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UK - Danger Money  CD (album) cover

DANGER MONEY

UK

 

Eclectic Prog

3.74 | 253 ratings

From Progarchives.com, the ultimate progressive rock music website

Neu!mann
Prog Reviewer
4 stars UK's self-titled debut album hasn't aged very well, but the harder-rocking follow-up recorded by the newly stripped-down trio a year afterward actually sounds better in retrospect. New drummer Terry Bozzio (not a familiar name at the time) was more in tune than Bill Bruford with the grandiose commercial ambitions of John Wetton and Eddie Jobson. And because he no longer had to share the stage with an ace guitarist, Jobson responded with some of his most assertive playing on record.

Musically the album traces the muscular template of "In the Dead of Night", the obvious high point of the previous album. The reconfigured band may have been more song- than music-oriented, perhaps revealing the direction Wetton had hoped to steer KING CRIMSON (and why Robert Fripp quit in response). But the new songs left generous space for a little instrumental exploration. And Jobson in particular rose to the challenge, showing all the brio of a less-classical Keith Emerson (the sophomore UK album appeared only four months after ELP crashed onto "Love Beach", leaving a vacancy in the keyboard virtuoso pantheon), and stealing the spotlight with his trademark Perspex violin, in "The Only Thing She Needs" and the punchy "Caesar's Palace Blues".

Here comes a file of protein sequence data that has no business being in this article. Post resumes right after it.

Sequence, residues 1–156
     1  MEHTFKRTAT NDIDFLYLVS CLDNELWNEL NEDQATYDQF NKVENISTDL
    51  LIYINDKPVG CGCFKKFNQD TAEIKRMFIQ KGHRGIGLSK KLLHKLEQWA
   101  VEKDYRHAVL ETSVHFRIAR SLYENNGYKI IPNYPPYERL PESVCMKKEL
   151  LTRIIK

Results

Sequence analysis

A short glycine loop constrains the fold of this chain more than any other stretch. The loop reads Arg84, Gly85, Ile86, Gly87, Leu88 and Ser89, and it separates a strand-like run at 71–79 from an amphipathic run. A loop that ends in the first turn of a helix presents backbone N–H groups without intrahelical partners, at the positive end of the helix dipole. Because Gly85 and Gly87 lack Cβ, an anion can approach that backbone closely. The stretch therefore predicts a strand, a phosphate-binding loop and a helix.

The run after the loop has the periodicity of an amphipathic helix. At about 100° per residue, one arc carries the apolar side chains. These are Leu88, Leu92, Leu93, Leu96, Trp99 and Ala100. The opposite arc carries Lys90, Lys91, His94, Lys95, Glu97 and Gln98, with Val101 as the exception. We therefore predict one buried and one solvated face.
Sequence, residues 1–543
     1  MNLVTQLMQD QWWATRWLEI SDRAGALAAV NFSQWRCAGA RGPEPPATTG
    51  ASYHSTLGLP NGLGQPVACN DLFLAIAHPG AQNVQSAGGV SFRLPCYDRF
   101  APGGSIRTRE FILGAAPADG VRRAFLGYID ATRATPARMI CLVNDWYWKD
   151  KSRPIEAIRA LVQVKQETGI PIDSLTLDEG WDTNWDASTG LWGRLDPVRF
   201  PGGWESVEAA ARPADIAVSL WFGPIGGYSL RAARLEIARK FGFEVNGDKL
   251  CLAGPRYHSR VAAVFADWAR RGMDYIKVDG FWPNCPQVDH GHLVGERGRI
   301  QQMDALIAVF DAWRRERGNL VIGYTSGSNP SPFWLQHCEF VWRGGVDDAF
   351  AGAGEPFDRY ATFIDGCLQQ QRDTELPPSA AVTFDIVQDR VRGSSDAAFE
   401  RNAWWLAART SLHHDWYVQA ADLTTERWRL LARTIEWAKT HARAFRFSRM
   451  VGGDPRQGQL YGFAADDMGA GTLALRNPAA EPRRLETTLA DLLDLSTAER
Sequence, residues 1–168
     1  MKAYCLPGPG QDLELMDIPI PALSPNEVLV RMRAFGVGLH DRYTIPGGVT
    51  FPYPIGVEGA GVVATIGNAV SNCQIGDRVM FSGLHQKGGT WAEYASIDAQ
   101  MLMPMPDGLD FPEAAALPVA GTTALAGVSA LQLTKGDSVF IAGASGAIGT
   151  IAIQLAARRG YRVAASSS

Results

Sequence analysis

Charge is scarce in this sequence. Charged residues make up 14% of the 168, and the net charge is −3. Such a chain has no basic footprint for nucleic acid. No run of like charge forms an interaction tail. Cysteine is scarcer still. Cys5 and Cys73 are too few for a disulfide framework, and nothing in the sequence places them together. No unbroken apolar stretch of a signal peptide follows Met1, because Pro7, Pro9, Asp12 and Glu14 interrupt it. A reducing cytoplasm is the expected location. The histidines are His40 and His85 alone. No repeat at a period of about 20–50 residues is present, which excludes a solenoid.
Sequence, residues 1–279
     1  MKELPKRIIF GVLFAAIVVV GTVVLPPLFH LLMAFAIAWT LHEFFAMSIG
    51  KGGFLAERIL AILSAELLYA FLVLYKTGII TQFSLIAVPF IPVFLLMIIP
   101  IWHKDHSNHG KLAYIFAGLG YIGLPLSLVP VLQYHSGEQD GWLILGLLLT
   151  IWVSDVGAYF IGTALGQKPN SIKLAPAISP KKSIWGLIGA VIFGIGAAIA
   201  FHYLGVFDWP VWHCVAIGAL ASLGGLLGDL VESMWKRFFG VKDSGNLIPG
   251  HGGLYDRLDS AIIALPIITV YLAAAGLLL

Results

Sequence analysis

The only stumble on an otherwise strong effort is "Nothing to Lose", an obvious bid for radio airplay foreshadowing the trite Arena Pop of ASIA. But that misstep is quickly overshadowed by the mini-epic album closer 'Carrying No Cross", a poor second-cousin of sorts to the celebrated King Crimson finale "Starless", with a similar structure of escalating tension and release over twelve invigorating minutes.

Splitting up a band can sometimes benefit everyone involved. Bruford and Allan Holdsworth both moved on to impeccable Fusion careers, while the remaining UK players rediscovered the focus that had eluded them on the first LP. It didn't last very long (see the obligatory, by-the-numbers live album "Night After Night"), but even a brief flash-in-the-pan was better than the empty kettle of Wetton's next supergroup.

Neu!mann | 4/5 |

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